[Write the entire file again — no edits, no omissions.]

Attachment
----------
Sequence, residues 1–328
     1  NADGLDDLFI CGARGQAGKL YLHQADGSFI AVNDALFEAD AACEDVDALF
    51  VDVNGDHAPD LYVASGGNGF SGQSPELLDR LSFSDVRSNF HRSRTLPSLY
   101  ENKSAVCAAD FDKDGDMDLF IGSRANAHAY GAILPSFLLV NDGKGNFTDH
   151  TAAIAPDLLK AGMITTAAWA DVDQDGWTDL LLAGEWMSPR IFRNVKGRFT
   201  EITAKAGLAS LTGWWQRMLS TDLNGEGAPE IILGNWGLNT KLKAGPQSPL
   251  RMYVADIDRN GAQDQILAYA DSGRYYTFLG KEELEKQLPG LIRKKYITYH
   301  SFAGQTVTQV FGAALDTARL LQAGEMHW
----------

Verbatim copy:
Sequence, residues 1–328
     1  NADGLDDLFI CGARGQAGKL YLHQADGSFI AVNDALFEAD AACEDVDALF
    51  VDVNGDHAPD LYVASGGNGF SGQSPELLDR LSFSDVRSNF HRSRTLPSLY
   101  ENKSAVCAAD FDKDGDMDLF IGSRANAHAY GAILPSFLLV NDGKGNFTDH
   151  TAAIAPDLLK AGMITTAAWA DVDQDGWTDL LLAGEWMSPR IFRNVKGRFT
   201  EITAKAGLAS LTGWWQRMLS TDLNGEGAPE IILGNWGLNT KLKAGPQSPL
   251  RMYVADIDRN GAQDQILAYA DSGRYYTFLG KEELEKQLPG LIRKKYITYH
   301  SFAGQTVTQV FGAALDTARL LQAGEMHW